OGDEN — After a significant increase in deadly traffic accidents during 2020, Ogden City is again publicly asking drivers to slow down in 2021.
Earlier this month, the city issued a press release, saying the Ogden Police Department will be “ramping up” speeding enforcement citywide, but more specifically at certain high-priority areas. In the release, the city said OPD’s Traffic Division has increased speeding enforcement along high-traffic and pedestrian areas on Harrison Boulevard, 12th Street and Monroe Boulevard. Areas near schools, the city says, are of particular concern.
“During this time of COVID with kids in and out of school, the Ogden Police Department would like to remind you to watch for crossing guards, school zones and pedestrians throughout the city,” the city’s statement says. Ogden also reminds motorists that the moment a crossing guard steps from the curb with their stop sign raised, both directions of travel must come to a complete stop. OPD is instituting a “zero tolerance” policy for motorists traveling above the 20 mph speed limit in active school zones, when flashing yellow lights are on.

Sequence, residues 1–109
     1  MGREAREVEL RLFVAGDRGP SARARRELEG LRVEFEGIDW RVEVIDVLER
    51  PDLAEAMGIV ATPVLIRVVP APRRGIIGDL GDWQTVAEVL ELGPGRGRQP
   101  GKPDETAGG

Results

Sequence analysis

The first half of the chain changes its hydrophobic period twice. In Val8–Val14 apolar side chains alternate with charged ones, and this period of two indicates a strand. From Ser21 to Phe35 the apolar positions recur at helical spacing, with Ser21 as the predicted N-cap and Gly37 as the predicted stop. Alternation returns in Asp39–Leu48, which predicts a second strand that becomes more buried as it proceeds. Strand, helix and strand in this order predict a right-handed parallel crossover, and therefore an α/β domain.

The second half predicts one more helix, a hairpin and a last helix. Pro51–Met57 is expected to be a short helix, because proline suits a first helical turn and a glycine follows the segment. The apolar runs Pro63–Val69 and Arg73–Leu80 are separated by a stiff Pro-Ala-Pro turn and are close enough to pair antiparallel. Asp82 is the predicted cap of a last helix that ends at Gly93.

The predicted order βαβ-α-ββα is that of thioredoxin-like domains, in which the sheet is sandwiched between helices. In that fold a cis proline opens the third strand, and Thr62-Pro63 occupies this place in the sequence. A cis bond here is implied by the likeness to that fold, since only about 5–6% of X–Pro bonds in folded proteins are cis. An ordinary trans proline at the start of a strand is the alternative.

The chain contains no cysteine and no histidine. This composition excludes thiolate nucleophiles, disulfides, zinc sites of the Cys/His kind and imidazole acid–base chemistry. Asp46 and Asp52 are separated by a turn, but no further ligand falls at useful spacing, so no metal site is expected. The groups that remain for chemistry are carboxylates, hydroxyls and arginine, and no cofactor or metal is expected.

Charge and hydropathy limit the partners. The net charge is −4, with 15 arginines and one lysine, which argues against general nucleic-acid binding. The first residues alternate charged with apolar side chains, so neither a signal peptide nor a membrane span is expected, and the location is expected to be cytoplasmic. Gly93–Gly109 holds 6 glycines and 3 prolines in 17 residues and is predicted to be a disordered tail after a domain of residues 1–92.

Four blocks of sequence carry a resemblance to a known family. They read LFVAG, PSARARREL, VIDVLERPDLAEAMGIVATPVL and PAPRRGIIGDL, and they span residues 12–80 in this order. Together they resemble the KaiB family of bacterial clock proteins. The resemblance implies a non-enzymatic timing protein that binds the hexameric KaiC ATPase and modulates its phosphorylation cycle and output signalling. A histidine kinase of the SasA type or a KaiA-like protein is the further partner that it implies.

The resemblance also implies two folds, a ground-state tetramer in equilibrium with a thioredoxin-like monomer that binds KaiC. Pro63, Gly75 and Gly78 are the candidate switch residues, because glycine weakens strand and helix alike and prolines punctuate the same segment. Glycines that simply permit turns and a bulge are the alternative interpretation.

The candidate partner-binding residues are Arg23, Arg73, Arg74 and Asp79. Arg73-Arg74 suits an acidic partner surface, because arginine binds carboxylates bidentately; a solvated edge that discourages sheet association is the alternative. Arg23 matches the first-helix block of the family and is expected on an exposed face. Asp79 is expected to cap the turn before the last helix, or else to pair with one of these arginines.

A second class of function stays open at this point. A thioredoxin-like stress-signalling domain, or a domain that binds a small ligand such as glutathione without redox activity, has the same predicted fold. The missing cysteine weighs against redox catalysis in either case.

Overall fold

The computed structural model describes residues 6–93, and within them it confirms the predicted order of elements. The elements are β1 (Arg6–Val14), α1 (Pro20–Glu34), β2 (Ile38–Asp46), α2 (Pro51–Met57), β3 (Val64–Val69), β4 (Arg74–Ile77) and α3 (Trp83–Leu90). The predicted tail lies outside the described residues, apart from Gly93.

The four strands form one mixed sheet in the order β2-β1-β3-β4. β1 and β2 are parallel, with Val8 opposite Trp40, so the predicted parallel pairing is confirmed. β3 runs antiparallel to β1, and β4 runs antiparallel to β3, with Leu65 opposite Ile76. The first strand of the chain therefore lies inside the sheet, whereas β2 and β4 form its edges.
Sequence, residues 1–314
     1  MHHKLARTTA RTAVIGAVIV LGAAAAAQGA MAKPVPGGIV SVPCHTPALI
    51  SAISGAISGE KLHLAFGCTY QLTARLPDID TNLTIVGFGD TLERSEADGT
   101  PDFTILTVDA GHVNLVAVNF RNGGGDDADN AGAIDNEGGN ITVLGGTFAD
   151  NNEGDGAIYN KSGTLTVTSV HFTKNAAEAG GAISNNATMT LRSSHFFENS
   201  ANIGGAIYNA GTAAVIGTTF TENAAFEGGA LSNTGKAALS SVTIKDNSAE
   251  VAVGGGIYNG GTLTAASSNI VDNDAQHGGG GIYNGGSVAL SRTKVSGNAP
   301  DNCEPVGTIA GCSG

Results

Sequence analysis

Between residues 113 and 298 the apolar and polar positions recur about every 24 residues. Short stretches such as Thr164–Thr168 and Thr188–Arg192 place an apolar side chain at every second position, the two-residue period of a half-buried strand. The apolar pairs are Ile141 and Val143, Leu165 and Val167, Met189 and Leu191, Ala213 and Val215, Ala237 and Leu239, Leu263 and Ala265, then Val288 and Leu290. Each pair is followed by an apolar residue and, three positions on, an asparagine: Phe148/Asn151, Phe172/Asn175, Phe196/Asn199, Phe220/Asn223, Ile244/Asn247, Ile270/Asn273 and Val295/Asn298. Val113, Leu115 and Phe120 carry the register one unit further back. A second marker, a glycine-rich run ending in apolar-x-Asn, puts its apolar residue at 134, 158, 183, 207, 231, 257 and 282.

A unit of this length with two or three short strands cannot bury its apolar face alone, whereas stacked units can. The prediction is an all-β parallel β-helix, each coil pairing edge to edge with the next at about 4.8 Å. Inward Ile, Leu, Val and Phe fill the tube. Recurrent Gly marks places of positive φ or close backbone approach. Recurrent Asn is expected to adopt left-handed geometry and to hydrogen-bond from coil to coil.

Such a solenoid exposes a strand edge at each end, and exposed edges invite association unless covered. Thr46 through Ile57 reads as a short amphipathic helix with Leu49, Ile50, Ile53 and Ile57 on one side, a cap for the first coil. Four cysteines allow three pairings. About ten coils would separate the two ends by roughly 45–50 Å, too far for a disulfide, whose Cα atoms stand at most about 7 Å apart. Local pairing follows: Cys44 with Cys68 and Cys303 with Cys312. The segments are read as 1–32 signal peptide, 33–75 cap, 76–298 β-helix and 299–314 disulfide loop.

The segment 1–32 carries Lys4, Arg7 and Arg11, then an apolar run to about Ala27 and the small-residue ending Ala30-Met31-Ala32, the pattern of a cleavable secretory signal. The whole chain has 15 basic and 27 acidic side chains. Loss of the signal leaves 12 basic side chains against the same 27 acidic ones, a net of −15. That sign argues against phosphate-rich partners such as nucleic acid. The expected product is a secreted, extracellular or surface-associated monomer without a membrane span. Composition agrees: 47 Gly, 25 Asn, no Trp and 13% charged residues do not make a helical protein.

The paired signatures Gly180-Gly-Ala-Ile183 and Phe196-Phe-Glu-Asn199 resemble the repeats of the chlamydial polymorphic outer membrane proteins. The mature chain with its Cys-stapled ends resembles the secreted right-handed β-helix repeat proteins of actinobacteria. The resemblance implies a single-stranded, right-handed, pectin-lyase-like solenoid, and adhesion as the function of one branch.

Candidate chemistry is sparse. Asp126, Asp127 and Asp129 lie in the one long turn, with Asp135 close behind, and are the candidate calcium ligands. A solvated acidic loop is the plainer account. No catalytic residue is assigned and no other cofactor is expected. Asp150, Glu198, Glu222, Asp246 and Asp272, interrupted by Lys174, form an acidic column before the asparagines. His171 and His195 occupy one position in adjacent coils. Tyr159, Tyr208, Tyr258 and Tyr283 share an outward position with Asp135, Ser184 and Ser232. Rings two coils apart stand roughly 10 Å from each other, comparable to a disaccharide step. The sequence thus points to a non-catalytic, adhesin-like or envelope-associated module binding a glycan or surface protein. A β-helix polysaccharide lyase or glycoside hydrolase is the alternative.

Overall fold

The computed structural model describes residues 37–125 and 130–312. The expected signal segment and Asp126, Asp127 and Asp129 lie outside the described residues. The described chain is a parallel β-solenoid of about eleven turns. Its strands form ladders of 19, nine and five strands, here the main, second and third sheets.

Speeding in Ogden was a regular topic of discussion in city government circles during 2020.
Despite a significant drop in travel in 2020 precipitated by the ongoing COVID-19 pandemic, there were 14 traffic-related fatalities in Ogden last year, according to data from the Utah Department of Public Safety. The 2020 number was nearly three times higher than 2019, when there were just five total traffic fatalities in Ogden. In a video accompanying the city’s press release, Officer Bob Evans, with the OPD Traffic Division, said Ogden’s speeding rise mirrors what happened across the state in 2020.
According to the Utah DPS data, traffic fatalities jumped statewide last year, increasing from 225 total traffic deaths in 2019 to 267 in 2020. Also in 2020, traffic fatalities went up nearly 70% during what is seen as the most dangerous three months of the year to drive, according to the Utah Department of Transportation. Between Memorial Day and Labor Day last year, UDOT tracked 102 deaths on Utah roads, up from 61 fatalities during the same time frame in 2019.
Though conclusive evidence is hard to come by, traffic officials say that, anecdotally, speeding appears to be the contributing factor. Evans said OPD has seen an increase in complaints about vehicles speeding through city subdivisions.
On its Twitter page, the Utah Highway Patrol has consistently mentioned an increase of speeding on Utah roads over the last year. On Feb. 14, after a few days of inclement weather and a fatal crash on Interstate 15 in Box Elder County, UHP posted on Twitter, “We plead with you to slow down.”
In addition to increasing police patrols, Ogden is also taking the message to social media, using the hashtag #drivesafeogden, and has created a stop sign-inspired logo asking people to slow down.